More central to his strategy is to accept that mistakes are inevitable, to prepare for them and to learn from them. This involves being open to the possibility of being wrong on quite fundamental things, including political or cultural beliefs that are tied up with personal identity. It also involves self-forgiveness: accept that you were wrong, learn and move on.
My goal is to be wrong about one big idea in my life, business or philosophy every month. I know if I’m not having big moments of wrongness at this frequency, it’s almost certainly because I’m ignoring other perspectives, not because I’m infallible.
There’s an analogy with being a venture capitalist: if all of the projects they back turn out to be viable, it suggests they would haven’t taken enough risk. Venture capitalists will aim to have a certain proportion of failures among the start-ups they back, though obviously at the time they don’t know which will succeed and which will fail.
I’ve been following with interest the discussion of confirmation bias on Twitter, blogs and Wikipedia discussion. My favourite of the blog posts is one by Rogue Medic which expands on and talks through the Francis Bacon quote which appears in the Wikipedia article. It highlights another area where confirmation bias can lead to disaster.
A year ago, the Wikipedia article on Confirmation bias was in a poor state. Whoever had written it was well-intentioned but they’d been working from a small number of sources and perhaps hadn’t seen the big picture. I started a substantial rewrite. The community gave me a lot of help to make the text accessible, and a couple of weeks ago it reached the highest quality standard on Wikipedia: Featured Article. (“Confirmation bias” as it was on 10th August 2009 vs “Confirmation bias” now).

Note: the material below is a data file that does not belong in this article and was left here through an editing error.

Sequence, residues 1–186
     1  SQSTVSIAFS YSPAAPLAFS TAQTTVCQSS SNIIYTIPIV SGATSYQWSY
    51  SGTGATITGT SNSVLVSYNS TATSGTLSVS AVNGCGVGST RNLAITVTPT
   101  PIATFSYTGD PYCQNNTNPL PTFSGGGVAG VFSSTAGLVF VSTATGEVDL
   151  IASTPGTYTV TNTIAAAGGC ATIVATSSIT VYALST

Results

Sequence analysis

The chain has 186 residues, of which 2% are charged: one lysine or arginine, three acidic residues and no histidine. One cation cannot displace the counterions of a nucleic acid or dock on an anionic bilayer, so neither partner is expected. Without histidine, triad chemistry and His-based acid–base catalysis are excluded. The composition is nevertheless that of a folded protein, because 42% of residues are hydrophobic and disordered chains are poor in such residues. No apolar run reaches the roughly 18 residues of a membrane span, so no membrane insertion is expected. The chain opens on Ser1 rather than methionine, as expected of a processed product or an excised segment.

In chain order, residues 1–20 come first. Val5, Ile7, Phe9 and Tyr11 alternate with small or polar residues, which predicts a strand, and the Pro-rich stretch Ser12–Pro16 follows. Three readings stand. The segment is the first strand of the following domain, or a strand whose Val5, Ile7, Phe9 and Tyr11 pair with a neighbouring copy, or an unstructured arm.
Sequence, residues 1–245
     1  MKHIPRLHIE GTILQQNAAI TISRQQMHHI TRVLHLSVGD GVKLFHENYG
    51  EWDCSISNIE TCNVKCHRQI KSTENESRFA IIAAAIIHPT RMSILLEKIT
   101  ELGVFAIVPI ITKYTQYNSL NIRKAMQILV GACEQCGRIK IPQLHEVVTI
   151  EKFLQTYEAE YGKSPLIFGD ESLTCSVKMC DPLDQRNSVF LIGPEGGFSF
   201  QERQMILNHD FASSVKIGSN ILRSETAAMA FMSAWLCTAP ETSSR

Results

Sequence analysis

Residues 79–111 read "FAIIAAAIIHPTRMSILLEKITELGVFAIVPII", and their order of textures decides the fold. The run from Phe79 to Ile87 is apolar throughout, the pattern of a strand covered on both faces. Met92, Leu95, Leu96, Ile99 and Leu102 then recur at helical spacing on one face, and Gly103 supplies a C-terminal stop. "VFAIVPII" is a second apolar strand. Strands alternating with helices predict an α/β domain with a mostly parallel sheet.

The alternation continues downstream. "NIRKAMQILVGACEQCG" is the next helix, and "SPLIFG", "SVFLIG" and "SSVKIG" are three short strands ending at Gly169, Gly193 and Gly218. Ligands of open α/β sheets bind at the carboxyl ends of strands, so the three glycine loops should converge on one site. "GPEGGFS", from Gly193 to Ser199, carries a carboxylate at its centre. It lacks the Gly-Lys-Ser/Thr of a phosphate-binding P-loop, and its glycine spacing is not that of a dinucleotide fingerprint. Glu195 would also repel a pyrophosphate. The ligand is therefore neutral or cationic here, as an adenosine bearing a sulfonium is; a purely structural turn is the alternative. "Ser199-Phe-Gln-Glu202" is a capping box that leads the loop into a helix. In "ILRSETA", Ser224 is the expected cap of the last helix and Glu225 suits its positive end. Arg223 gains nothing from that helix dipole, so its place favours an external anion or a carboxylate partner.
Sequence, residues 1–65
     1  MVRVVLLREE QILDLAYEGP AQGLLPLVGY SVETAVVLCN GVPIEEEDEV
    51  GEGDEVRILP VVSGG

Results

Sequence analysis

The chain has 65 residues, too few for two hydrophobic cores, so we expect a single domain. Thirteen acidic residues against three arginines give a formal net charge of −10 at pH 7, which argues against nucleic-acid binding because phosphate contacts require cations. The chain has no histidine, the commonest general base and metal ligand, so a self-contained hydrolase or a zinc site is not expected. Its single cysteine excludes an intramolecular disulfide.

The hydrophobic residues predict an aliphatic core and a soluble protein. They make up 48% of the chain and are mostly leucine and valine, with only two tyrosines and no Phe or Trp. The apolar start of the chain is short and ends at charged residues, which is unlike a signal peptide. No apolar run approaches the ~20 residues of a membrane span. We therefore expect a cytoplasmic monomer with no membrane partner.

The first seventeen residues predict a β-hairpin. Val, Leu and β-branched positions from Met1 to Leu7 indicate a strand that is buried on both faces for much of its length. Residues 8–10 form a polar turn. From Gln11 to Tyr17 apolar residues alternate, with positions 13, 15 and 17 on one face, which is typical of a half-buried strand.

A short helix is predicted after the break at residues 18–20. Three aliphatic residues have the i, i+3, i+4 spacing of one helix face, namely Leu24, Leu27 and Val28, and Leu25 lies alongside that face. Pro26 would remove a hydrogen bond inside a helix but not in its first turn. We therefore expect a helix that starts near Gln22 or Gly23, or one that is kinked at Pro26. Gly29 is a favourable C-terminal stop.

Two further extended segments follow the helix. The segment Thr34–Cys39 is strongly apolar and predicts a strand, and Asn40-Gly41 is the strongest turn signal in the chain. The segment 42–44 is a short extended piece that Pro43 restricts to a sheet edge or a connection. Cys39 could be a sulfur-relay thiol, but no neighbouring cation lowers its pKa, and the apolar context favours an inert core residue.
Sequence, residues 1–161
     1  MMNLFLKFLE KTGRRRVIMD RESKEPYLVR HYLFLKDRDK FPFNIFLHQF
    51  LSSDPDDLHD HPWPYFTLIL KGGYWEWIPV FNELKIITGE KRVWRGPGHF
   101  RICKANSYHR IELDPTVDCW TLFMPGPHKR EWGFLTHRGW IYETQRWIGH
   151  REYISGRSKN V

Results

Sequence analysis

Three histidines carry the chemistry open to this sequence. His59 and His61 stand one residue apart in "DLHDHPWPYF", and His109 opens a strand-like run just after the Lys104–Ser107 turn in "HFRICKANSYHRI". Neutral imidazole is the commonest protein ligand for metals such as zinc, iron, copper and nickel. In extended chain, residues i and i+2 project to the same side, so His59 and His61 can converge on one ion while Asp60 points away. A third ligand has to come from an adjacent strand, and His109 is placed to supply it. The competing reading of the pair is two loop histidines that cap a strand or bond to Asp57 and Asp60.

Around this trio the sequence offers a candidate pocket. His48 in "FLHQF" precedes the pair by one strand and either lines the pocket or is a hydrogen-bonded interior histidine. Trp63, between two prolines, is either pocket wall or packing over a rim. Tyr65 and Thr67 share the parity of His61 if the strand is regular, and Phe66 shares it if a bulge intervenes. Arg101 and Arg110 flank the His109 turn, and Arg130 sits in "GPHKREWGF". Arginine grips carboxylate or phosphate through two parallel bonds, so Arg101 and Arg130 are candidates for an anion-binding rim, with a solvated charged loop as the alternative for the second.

This week I learned it has been chosen as “Today’s Featured Article” for tomorrow (Friday 23rd July). A one-paragraph summary will appear on the front page, where it can be seen by around four million users. Around sixty thousand will click through to the article itself. It will also be seen through the dozen or so sites that mirror Wikipedia. With this new prominence, it is more likely the article will be translated into other languages (extracts have already been translated into Spanish and Catalan). The are also other delivery platforms: I’m already planning a spoken version of the article, but won’t have time to do it before tomorrow. Being naturally the first Google hit for “confirmation bias”, the article has a high prominence (getting nearly a thousand hits per day) and it is regularly recommended and discussed on blogs, online communities such as Reddit.
So, it’s fascinating to watch the ripple effect of this article to which I’ve contributed. Confirmation bias is something you’d definitely hear about if you do certain courses within a psychology degree, but it’s not exactly the sort of topic that you would expect to see stories about in the newspaper or the evening news. Hence it’s significant that perhaps millions of people will hear about it through this article. To be honest, this provokes mixed feelings. Read the rest of this entry »
This morning I have mixed feelings from seeing something I’ve worked on being heavily praised, but for the wrong reasons.
Erik Fernandez, a blogger, has created a slide show about cognitive biases. I haven’t examined it carefully, but it seems like all the text is taken, or at least lightly adapted, from two Wikipedia articles; Cognitive bias and List of cognitive biases. I know this because I recognise my own text in the slide show. Under the terms of the Creative Commons licence, Eric is entitled to copy this material and make derivative works, but not to pass it off as his own work.
These articles are a long way off finished, and in their partial state they can be actively misleading. As one of the authors, this is partially my fault. It’s better than nothing, but they’re not ready for wide publicity.
That’s why I’m concerned that over the last couple of days, the slide show is getting a huge amount of attention by being featured on the high-traffic blogs BoingBoing and LifeHacker. These blog posts treat the slide show as an original work and make no mention (because Fernandez doesn’t) of where the text comes from. Read the rest of this entry »